Loving one another

Years ago I had a life-changing experience in a nursing home.  I was visiting an aging parishioner and, as is so often the case, she was sharing her room with another resident.  Both ladies were out having tests run, so I was left on my own to wait.

While I did, I noticed that my parishioner’s roommate had a photo on the dresser.  Given the vintage of the picture, it was clearly a picture of my friend’s roommate, but  what was captivating was the subject matter.  Taken when she was a young woman, it included her twin sister.

Both women were clad in leotards and hung by their legs, side by side on a flying trapeze.

That image has stuck with me for over thirty years.  It taught me to never make categorical assumptions about people, never assign behaviors or perspectives to them, and don’t ever fail to honor the individual pilgrimages they have made through life.  Not everyone with white hair is a grandmother or grandfather.  No one who is can be reduced to that role.  Each is a real person with hopes and dreams — some of which were realized, some of which were not.

The same could be said of endless numbers of other groups.  Labels simplify life, but they are as dangerous as they are convenient.  Texans, Bostonians, gays straight, conservative, liberal….these and many other labels may lend simplicity to the world, but none of them capture the totality of the life that each bears and none of the labels possess definitive, predictable content.

I have conservative and liberal friends, old and young friends, friends who have a considerable amount of education and those whose education was shaped by experience —- the differences and complexities are endless.  More to the point, each of their pilgrimages are singular, undermining the value of the labels.

Yet, far too often we prefer the self-righteous and smug value of labels to the richness of the conversation about our respective journeys.

Why does it matter spiritually to resist that kind of labeling?

One, it is a flight from love.  Too much of the labeling that we do is rooted in a desire to establish what we do or don’t like about someone and then dismiss them.

Two, it feeds arrogance.  To label someone else is to say, “I am the arbiter of good and evil, right and wrong, sophisticated and clueless.  I stand in the right place, you stand in the wrong one.”  We can and should engage in critical dialog about what we think, but labeling has nothing to do with being critical.  Labeling should alert us to the sin of self-righteousness — and sloth — because labeling people is not simply a function of arrogance, it is the child of laziness.

Three, labeling closes you off to what God can teach you through others, foreclosing on the stories of spiritual pilgrimage that can enrich our own.  Labeling has a way of narrowing the permitted story lines in life, refusing to be surprised, educated, or broadened.

Where is this in Scripture?  In the Book of Jonah, in the calling of Jeremiah to be a prophet to the nations, in the teaching of Jesus, in the churches of Paul as they spread out across what was an alien world to the fledgling faith.  It always has been the invitation of a church that preached the gospel to whosoever will and who found a place for people – even those who persecuted her.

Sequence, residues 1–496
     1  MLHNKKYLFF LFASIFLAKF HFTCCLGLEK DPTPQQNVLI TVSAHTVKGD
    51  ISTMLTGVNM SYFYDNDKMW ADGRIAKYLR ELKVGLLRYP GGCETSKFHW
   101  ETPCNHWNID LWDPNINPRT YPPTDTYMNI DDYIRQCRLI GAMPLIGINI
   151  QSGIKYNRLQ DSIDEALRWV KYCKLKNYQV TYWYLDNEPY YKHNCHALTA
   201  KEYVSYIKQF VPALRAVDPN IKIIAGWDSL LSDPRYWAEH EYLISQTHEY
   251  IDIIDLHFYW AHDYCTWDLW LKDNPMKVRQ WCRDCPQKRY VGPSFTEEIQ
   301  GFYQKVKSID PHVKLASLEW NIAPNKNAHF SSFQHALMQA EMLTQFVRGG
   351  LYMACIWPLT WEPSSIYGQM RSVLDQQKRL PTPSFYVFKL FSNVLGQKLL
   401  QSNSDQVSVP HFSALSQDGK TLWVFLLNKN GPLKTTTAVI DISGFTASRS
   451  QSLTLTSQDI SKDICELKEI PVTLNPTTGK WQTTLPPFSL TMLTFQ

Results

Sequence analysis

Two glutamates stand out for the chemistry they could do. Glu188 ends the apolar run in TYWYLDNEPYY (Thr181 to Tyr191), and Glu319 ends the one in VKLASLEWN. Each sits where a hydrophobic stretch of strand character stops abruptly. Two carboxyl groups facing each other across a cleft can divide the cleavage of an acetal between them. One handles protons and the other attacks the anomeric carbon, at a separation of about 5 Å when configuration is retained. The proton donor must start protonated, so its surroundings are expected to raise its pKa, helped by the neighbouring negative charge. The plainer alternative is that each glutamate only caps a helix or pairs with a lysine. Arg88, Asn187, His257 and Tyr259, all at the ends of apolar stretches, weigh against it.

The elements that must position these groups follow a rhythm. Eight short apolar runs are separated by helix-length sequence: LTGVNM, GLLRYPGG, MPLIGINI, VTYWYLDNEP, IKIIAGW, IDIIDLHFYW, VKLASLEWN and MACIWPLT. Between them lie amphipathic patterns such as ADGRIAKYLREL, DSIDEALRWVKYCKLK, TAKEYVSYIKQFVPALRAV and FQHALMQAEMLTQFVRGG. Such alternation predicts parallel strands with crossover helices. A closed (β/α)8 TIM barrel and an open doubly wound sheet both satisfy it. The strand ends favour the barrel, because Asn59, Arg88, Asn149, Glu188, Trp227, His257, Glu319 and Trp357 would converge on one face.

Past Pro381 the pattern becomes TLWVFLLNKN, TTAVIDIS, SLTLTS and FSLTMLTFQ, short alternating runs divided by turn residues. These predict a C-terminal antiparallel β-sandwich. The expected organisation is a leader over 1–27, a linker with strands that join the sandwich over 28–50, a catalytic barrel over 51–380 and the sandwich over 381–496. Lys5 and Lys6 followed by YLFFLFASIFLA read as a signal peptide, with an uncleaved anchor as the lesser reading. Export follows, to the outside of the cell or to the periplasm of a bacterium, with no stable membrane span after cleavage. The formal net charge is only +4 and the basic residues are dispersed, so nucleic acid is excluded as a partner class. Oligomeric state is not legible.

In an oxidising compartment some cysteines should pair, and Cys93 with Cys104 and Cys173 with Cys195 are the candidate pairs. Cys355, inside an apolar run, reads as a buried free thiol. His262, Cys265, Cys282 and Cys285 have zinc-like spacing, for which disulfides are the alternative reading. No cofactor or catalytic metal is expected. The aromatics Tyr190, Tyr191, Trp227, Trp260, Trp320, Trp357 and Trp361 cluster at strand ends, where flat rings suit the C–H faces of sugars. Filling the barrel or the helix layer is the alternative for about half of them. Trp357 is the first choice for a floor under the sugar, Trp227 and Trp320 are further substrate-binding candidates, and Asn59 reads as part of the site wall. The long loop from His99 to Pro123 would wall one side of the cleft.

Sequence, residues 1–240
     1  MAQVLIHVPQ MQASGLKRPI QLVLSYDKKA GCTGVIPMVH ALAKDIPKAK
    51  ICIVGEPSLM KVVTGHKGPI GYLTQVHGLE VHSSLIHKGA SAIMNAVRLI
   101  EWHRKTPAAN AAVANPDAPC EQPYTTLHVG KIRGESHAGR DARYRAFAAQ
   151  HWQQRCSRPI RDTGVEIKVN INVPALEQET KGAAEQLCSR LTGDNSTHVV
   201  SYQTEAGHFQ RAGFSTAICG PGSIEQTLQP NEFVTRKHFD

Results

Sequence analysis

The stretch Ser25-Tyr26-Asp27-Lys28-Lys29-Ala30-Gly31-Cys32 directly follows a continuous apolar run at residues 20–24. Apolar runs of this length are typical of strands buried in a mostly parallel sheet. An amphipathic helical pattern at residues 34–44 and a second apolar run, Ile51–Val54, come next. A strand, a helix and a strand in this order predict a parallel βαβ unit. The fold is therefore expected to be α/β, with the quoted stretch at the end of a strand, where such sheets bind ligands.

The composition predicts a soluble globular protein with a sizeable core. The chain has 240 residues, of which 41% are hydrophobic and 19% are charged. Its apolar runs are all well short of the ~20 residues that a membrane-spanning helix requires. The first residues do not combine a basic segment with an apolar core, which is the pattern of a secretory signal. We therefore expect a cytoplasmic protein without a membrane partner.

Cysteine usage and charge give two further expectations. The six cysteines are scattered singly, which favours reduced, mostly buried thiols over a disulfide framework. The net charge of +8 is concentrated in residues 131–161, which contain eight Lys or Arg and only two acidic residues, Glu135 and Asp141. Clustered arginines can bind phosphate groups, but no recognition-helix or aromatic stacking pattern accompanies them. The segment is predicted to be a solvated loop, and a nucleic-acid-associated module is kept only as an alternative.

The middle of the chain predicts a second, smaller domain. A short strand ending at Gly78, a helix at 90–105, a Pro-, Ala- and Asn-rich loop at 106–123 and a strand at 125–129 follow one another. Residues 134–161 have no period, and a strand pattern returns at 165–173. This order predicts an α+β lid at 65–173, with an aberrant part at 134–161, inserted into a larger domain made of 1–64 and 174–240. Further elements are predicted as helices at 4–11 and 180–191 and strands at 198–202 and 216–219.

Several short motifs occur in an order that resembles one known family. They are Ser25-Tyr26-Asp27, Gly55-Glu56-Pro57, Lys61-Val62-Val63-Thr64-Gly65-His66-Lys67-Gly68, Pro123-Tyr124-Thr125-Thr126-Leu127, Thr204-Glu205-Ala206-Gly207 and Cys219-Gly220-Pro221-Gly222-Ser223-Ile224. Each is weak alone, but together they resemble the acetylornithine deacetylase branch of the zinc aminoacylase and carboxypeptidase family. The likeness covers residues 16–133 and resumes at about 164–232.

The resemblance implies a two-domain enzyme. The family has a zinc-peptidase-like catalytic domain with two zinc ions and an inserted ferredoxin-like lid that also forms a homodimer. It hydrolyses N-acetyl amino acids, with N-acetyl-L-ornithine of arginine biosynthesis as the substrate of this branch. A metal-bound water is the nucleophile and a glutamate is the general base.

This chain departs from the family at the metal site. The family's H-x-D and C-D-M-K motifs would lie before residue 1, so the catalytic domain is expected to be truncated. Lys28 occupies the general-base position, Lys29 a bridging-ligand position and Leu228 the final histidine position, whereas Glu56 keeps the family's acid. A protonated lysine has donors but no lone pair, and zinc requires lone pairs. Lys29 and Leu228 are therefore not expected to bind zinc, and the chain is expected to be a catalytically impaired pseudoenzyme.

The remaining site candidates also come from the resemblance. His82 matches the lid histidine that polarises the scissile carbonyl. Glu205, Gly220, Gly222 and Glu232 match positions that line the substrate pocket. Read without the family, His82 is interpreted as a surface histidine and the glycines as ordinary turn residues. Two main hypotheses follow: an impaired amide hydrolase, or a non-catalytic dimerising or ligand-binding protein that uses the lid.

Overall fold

When I listen to boomers talk about inclusion and diversity as if we are the generational originators and guarantors of something new, I am always a bit bemused.  The church has always been inclusive and diverse.  Oh, there have been those who were forced to the margins and refused entrance, but that has always been at odds with the Gospel and those who closed the doors on others were never as like-minded as they supposed.

And then there are those who freely wield the language of diversity, who, in truth, are prepared to embrace only a few, preferring the love of categories to the embrace of real people.

The fact of the matter is that Scripture has always preferred the language of reconciliation to the language of inclusion — and for good reasons:

Our end lies not in the special character of our journeys, but in God

God does not just invite us, God invites us with conditions.

God does not simply include us, God includes us with an eye to changing us.

About Frederick Schmidt

The Reverend Dr. Frederick W. Schmidt, Jr. holds the Rueben P. Job Chair in Spiritual Formation at Garrett-Evangelical Theological Seminary in Evanston, IL, and directs the Rueben Job Institute for Spiritual Formation. He is an Episcopal Priest, spiritual director, retreat facilitator, conference leader, writer, and consulting editor at Church Publishing in New York. He is the author of numerous published articles and reviews, as well as several books: A Still Small Voice: Women, Ordination and the Church (Syracuse University Press, 1998), The Changing Face of God (Morehouse, 2000), When Suffering Persists (Morehouse, 2001), in Italian translation: Sofferenza, All ricerca di una riposta (Torino: Claudiana, 2004), What God Wants for Your Life (Harper, 2005), Conversations with Scripture: Revelation (Morehouse, 2005), Conversations with Scripture: Luke (Morehouse, 2009), and The Dave Test (Abingdon, 2013). He and his wife, Natalie (who is also an academic and an Episcopal priest), live in Highland Park, Illinois, with their Gordon Setter, Hilda of Whitby. They have four children and four grandchildren: Henry, Addie, Heidi, and Sophie.


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